The Lord's Prayer

The disciples of Jesus regularly saw their teacher praying (see Prayers of Jesus). Often Jesus would withdraw from his disciples, and the following crowds, to pray or speak with his Father. On one occasion Jesus' disciples, on seeing him praying, asked their teacher for some instruction. Jesus replied, "Pray like this", and offered his disciples the original Lord's Prayer:

Our Father in heaven,
hallowed be your name,
your kingdom come,
your will be done on earth as in heaven.
Give us today our daily bread.
Forgive us our sins
as we forgive those who sin against us.
Save us from the time of trial
and deliver us from evil.
For the kingdom, the power and the glory are yours
now and forever. Amen.

The Original Lord's Prayer

The words to the original Lord's Prayer are recorded twice in the gospels, Matthew 6:9-13 and Luke 11:2-4. Luke's version of The Lord's Prayer is slightly shorter than Matthew's, and neither version includes the 'doxology' - the short 'hymn of praise' (as in italics above) at its end.

In this prayer all Christians are invited to experience the same intimacy that Jesus enjoyed with his Father. This intimacy is often lost in the translations we read in our bibles, as Jesus actually addresses his words to his 'daddy' - a term which more accurately describes the tone of the loving relationship shared here in conversation.

The Lord's Prayer is not a selfish petition for personal gain. Instead, it teaches us to ask for just enough of what we need now and in the immediate future. Further, in this prayer Jesus teaches us that our needs are not just material, we also need the will to forgive others and the strength to avoid doing what we know would be displeasing to God.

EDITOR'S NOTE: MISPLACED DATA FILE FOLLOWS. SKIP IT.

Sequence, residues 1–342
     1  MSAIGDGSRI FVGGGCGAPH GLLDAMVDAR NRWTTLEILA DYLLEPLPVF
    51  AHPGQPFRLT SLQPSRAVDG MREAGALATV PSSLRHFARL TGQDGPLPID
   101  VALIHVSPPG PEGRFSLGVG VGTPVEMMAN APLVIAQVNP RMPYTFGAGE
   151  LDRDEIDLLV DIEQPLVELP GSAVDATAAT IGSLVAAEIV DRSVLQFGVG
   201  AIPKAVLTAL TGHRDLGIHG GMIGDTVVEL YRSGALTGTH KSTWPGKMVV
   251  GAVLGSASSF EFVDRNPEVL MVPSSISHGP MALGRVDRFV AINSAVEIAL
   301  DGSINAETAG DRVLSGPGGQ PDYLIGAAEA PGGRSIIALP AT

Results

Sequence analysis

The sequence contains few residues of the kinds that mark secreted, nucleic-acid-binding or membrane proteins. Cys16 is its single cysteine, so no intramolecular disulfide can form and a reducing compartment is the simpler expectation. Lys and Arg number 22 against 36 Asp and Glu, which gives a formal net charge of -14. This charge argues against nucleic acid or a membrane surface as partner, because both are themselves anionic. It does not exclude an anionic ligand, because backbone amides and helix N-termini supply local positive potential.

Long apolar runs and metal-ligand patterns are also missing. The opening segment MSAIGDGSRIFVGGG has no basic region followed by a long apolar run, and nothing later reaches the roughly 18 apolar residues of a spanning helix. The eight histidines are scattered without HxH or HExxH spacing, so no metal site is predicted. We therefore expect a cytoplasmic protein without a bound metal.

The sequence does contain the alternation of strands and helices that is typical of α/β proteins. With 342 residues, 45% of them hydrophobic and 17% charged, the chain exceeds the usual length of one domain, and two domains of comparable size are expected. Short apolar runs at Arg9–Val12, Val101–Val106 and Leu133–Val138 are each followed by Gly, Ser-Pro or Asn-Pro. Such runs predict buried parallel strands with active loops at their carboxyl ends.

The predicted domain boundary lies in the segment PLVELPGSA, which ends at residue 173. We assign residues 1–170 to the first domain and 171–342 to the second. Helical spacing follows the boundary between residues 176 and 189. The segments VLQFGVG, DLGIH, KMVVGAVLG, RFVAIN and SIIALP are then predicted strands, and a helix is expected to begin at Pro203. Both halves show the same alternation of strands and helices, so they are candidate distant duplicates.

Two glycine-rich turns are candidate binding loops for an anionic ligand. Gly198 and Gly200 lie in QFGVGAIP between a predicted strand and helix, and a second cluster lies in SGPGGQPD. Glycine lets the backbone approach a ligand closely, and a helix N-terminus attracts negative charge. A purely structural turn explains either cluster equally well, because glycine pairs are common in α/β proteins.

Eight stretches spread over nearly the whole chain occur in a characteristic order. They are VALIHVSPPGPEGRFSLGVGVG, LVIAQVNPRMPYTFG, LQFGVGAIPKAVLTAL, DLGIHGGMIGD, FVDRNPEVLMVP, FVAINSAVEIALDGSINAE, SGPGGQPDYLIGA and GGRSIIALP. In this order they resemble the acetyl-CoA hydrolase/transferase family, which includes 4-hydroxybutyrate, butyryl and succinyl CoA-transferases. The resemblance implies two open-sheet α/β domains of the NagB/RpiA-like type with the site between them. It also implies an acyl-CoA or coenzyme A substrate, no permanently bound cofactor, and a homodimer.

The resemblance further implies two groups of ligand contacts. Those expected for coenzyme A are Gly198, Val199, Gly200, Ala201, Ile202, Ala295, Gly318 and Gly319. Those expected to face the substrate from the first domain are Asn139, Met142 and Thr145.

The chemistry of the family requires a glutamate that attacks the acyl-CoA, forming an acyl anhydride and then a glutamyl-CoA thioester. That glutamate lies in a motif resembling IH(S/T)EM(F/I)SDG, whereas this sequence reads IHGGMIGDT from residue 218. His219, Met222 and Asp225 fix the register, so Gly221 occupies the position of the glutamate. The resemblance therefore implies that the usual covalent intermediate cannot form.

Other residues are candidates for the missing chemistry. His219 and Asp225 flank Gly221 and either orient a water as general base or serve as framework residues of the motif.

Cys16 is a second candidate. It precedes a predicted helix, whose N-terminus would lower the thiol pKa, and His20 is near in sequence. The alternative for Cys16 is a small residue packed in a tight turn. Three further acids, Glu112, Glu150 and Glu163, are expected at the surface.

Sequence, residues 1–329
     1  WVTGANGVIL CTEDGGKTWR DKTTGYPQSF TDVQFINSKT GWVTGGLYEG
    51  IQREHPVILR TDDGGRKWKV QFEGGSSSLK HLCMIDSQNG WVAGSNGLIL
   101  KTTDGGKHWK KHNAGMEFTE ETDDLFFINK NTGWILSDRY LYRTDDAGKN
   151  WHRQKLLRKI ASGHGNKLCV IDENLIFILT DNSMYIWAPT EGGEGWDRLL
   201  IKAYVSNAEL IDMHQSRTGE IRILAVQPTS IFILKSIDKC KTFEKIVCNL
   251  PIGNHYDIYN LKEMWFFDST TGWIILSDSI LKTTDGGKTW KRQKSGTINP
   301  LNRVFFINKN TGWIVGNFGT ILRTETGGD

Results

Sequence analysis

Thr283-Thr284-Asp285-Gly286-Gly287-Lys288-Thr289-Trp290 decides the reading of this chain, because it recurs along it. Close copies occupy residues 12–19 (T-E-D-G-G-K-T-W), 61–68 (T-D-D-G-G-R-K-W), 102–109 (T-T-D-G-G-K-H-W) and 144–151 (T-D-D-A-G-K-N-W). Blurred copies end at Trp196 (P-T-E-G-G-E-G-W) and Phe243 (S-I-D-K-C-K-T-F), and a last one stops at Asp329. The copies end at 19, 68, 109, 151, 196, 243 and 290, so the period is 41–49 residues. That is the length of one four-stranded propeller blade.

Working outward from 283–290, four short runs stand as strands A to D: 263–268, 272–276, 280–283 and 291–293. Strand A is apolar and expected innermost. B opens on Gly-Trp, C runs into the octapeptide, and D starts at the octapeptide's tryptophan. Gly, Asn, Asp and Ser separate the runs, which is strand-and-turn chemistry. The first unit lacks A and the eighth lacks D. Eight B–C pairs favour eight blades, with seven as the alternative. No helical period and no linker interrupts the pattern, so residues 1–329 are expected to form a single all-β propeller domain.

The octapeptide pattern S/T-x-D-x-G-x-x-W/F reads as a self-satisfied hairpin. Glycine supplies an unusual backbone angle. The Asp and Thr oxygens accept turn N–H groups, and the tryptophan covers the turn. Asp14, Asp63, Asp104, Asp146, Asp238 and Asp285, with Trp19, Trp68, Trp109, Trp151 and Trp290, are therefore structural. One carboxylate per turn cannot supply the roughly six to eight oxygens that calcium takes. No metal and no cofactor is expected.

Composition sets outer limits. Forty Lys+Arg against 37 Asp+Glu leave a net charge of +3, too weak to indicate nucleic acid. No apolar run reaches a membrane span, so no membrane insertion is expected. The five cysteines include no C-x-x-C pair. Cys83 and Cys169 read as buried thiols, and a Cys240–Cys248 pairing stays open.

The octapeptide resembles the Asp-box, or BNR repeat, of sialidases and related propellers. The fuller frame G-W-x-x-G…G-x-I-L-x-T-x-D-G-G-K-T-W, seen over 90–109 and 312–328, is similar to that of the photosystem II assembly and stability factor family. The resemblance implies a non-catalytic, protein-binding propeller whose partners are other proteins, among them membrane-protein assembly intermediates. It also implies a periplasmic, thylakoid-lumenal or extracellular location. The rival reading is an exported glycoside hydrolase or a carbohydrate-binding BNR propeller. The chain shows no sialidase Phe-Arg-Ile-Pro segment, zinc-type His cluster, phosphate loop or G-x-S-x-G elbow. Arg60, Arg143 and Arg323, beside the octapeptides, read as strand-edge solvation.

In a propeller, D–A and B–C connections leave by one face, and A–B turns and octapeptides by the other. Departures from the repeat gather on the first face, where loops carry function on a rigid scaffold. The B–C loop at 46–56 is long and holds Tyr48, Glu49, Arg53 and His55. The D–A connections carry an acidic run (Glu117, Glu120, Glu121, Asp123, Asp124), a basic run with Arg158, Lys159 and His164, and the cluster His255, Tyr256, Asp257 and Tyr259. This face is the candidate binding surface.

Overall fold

On the one hand then, this is a prayer illustrating the simple trust, love and respect between a parent and child. The child approaches his father, and is both eager to please and aware of his own shortcomings. On the other hand, this prayer does not detract from God's supremacy and holiness. The child talks to 'daddy', but recognises daddy's 'name' - His whole being - is to be praised and held in awe.

A Set Prayer, or a Model for Prayer?

The Lord's Prayer unites all Christians, geographically spread across the world, and chronologically spread over two millennia. That the familiar words to the Lord's Prayer are repeated by so many, and have been for so long, is a unifying power to those who follow Jesus Christ and count themselves members of the Christian family.

Even so, the words to the Lord's Prayer should be seen as a guide to the right way of praying, rather than a set text from which there should be no variation. It is a model for prayer, stimulating fresh expressions of itself in every generation and context. Our conversation with God should be alive and ongoing, familiar in form, responsive to circumstances - and never mechanically repetitive.

Praying the Lord's Prayer.

The Lord's Prayer can be a very useful tool for a series of guided meditations. Instead of just reciting the Lord's Prayer in its entirety spend a short time meditating upon each of its phrases.

How do you acknowledge God as 'Father', or even 'daddy'?
For what do you praise God's name?
What do you consider to be God's kingdom?
How do you do God's will?
What are your spiritual needs?
For what do you need to be forgiven?
Whom do you need to forgive?
What temptations weaken you?
What do you fear?

How does The Lord's Prayer shape your own prayer life?